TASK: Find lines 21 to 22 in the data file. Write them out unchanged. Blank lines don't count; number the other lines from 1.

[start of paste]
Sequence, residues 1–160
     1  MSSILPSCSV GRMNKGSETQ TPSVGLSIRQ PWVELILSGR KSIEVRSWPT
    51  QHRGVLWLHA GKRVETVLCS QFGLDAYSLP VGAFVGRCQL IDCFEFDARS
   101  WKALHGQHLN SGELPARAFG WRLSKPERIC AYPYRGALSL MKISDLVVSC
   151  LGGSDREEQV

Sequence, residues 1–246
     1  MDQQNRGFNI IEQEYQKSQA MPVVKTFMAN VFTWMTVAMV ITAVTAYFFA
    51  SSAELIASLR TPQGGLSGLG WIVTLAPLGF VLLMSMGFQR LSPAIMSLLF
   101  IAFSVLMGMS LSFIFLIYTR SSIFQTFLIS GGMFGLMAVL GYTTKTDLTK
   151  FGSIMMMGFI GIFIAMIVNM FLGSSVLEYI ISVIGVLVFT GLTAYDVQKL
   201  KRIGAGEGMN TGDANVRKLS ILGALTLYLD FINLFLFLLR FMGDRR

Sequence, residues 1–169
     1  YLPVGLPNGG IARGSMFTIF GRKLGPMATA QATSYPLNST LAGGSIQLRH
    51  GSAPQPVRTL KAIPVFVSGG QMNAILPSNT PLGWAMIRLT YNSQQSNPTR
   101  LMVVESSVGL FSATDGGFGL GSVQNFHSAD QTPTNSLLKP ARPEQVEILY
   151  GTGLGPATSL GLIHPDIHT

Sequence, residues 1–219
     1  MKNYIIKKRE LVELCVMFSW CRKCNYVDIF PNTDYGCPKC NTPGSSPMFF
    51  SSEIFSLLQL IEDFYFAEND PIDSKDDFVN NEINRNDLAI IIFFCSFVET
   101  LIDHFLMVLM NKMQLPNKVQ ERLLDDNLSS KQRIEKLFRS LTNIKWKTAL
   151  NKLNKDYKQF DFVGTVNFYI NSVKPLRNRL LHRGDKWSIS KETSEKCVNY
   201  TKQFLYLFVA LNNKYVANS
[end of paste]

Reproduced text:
   151  NKLNKDYKQF DFVGTVNFYI NSVKPLRNRL LHRGDKWSIS KETSEKCVNY
   201  TKQFLYLFVA LNNKYVANS